Beer holds a special place in human culture and has done throughout many ages. It is one of the oldest known beverages and has been celebrated for millennia. With its simple recipe of easy to find and cheap raw ingredients, brewing has a long tradition in many different cultures and countries. Each culture contributes their own unique style of beer which gives us the bewildering diversity we enjoy today.
From the beginning….
In Neolithic times, humans moved away from their nomadic existence, instead of foraging for food they began to cultivate their own by growing crops. Along with fruits, vegetables and herbs, grains were a staple crop of these new farming practices. All of the base ingredients for beer was brought together in abundance for the first time; water, grain and naturally occurring wild yeasts… It was only a matter of time before the inevitable happened and the first brews came into existence.
Nobody really knows exactly when brewing began or whether it was discovered by serendipity or invented by some ancient super-genius. What we do know is the earliest discovered evidence of brewing dates back to over 7000 years ago. Chemical analysis on pottery fragments found in what is now Iran proved that the original vessel had once been used for the production of beer. It is thought that brewing began earlier than this but until new evidence is unearthed there is currently a hole in our historical knowledge. Sometime between 10000+ and around 7000 years ago, the first primitive beers were made. Be it for pleasure or necessity, over time this strange new fermented juice was replicated and improved upon.
Of course, the beer back then was very different to the polished and delicious tasting examples of beer we know today. Ancient Sumerian drawings show us that early beers were a sludgy consistency and needed to be drunk through a straw to filter out the lumps. The beer can’t have tasted too bad as they enjoyed it enough to honour it with their own goddess of beer, Ninkasi. As centuries passed, both new technology and better understanding of the brewing process lead to greater improvements in the resulting beer. The science behind this new knowledge may not have been understood at the time but as brewing became more widespread, so improvements in brewing techniques were discovered and passed along.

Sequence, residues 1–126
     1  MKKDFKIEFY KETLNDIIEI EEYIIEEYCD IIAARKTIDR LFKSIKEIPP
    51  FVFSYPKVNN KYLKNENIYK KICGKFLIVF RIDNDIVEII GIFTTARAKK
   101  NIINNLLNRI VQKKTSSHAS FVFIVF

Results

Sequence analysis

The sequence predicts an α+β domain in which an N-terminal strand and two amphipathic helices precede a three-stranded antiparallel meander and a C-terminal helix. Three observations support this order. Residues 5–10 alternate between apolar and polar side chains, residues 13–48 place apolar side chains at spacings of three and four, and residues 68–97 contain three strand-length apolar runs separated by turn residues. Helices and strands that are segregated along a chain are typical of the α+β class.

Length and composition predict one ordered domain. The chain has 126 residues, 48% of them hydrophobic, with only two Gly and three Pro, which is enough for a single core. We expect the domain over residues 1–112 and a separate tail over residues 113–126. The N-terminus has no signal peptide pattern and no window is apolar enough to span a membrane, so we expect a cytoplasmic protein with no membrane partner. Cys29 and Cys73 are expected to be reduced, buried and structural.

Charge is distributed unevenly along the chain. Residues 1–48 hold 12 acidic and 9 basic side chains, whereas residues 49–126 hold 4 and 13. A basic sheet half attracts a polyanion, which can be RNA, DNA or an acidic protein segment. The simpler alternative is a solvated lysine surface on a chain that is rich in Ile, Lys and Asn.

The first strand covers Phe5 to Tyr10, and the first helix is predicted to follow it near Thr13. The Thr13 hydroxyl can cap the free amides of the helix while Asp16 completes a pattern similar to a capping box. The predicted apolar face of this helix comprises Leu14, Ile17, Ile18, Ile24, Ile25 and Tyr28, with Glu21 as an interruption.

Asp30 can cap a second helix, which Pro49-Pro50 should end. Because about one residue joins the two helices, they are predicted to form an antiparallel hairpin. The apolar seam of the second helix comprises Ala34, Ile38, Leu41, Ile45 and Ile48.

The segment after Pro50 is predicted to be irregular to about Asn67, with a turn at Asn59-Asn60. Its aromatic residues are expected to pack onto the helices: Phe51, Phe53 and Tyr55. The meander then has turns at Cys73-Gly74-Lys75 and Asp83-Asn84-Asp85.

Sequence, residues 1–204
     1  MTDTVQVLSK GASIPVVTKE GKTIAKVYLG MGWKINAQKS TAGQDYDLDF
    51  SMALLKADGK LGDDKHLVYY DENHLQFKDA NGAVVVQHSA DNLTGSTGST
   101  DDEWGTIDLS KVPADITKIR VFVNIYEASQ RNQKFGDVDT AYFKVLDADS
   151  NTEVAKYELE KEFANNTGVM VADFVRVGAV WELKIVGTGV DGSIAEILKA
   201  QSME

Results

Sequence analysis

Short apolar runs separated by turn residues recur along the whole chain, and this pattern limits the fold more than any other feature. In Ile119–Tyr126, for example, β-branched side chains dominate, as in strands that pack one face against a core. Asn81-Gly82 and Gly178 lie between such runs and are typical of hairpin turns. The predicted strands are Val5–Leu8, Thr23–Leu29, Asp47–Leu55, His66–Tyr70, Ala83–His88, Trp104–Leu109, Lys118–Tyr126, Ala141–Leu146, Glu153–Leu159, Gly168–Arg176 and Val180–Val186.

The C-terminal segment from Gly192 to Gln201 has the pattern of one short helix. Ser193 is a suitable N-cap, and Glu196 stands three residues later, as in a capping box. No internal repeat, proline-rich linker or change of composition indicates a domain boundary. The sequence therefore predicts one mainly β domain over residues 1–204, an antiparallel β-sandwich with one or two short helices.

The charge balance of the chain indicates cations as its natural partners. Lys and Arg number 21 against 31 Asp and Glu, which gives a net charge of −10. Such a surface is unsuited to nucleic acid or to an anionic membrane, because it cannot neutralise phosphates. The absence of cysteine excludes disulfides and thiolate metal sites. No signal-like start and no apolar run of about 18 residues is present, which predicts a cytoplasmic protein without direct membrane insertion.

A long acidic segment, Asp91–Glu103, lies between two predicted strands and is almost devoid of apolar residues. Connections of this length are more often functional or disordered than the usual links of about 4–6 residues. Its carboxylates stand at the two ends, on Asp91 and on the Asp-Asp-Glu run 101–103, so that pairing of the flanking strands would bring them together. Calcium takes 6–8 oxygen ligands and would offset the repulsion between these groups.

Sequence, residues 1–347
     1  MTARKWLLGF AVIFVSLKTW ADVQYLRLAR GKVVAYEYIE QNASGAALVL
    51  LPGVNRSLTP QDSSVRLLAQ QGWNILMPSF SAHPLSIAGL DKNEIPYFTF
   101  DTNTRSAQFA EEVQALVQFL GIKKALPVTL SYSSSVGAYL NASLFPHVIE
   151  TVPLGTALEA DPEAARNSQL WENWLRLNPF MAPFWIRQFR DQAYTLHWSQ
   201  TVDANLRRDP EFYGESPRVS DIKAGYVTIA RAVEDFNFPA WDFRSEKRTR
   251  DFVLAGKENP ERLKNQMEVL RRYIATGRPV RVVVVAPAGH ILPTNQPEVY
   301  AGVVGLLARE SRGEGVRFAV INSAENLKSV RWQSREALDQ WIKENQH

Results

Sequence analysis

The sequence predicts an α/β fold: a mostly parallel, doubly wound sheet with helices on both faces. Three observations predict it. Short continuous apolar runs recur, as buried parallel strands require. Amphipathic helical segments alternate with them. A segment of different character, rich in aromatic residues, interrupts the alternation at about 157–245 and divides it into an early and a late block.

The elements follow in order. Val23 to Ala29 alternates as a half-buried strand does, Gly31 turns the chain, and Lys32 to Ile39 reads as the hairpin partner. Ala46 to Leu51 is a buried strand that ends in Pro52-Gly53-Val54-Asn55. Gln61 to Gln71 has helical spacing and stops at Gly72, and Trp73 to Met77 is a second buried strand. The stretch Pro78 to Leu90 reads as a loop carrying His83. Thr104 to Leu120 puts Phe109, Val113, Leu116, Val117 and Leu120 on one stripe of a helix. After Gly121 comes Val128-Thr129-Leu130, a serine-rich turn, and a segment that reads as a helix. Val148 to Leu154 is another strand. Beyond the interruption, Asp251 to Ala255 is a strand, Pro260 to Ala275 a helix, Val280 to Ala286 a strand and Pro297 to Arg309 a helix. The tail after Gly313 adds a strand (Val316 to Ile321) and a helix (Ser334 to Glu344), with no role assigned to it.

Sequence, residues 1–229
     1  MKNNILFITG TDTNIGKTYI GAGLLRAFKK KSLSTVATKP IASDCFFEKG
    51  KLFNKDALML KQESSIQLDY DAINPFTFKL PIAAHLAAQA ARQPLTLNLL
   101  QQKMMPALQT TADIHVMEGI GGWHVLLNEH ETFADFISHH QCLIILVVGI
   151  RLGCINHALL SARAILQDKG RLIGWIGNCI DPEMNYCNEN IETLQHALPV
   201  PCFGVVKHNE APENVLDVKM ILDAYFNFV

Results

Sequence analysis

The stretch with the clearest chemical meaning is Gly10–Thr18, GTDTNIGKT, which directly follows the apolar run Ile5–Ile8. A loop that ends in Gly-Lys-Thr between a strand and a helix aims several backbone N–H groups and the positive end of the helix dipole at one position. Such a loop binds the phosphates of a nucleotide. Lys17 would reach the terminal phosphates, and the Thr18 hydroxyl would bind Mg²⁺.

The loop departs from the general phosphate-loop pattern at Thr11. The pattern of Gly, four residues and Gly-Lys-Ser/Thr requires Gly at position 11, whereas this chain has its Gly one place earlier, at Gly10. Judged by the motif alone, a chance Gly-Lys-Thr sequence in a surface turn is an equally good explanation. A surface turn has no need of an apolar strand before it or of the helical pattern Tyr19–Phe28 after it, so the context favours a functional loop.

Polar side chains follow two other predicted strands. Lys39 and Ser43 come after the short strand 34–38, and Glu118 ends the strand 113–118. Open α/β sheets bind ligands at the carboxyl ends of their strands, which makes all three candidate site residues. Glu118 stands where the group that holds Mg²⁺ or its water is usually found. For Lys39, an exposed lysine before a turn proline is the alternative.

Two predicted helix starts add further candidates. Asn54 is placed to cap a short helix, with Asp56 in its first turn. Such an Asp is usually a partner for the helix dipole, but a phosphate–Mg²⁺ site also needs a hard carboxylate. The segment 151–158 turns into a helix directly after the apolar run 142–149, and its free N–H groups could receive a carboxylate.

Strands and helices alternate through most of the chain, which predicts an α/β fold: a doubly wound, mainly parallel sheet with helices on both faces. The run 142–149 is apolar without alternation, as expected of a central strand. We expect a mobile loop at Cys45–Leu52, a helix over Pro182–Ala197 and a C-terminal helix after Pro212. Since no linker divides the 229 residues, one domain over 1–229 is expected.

By the Middle Ages, beers looked much more like what we enjoy today. Thankfully, lumpy beer was a thing of the past. Brewing was a common house hold task for women. Unlike today where brewing is often considered to be a male dominated endeavour, before the industrialisation of brewing, women were the master brewers. Surplus beer either brewed in small home breweries or on a larger scale in monasteries would be sold in market. Eventually the first ale houses ‘pubs’ began to appear in Britain. It was also in the Middle Ages that Hops was first used in beer. Previously a mix of herbs called Gruit provided a bittering balance and flavouring to the otherwise sweet and malty beers. However, beer brewed with Gruit lacked the preservative qualities of hops and would spoil sooner. Over time hops became the favourite method of flavouring and preserving beer, a tradition that continues to this day.
The Industrial Revolution brought about the next seismic shift in the history of beer. Brewing moved away from small scale and domestic and into mechanised mass production. As we see with most things, when production is scaled up, quality inevitably takes a turn for the worse. Mass produced beer since the Industrial Revolution tend to use inferior ingredients to maximise profits and consequently beers gradually became less flavoursome and less diverse. An unfortunate development that still continues to this day with many of the industrially produced Lagers we find on our supermarket shelves.
Despite this detrimental effect to beer quality, the Industrial Revolution did bring some positive changes in the form of new technology. The introduction of thermometers, hydrometers and other equipment allowed much greater control over the brewing process so brewers gained more control over the quality of the resulting beer. Advancements in the roasting of malt lead to the creation of pale malt. This opened the door for a whole raft of new beer styles. Pale Ales and other lighter coloured beers wouldn’t exist without this development. Also research into the function of yeast by Louis Pasteur in 1847 led to the identifying of specific yeast strains which greatly improved the efficiency of the brewing process. This knowledge also led to the identifying of lager yeast strains and this lighter fresher style of beer now dominates the global market in terms of sales volume.
This trend for cheaply produced and flavourless beer continued until 1971 until the Campaign for Real Ale (CAMRA) was formed in the UK. Run by beer enthusiasts who wanted more than just bland beers, they began to educate the public on the virtues of traditional richly flavoured artisinal beers. At the same time across the pond in the US, another craft beer movement began. Supermarket shelves in the US where also dominated by light drab uninteresting beers but the fight-back came in the form of homebrewers who started to create their own brewing companies. Locally produced full-flavoured beers started to become fashionable in the US and today, they have over 5000 craft breweries and the number continues to grow. Craft breweries emulating these new hop driven and quality orientated beers are now popping up all across the UK and Europe and the new wave craft beer scene was born.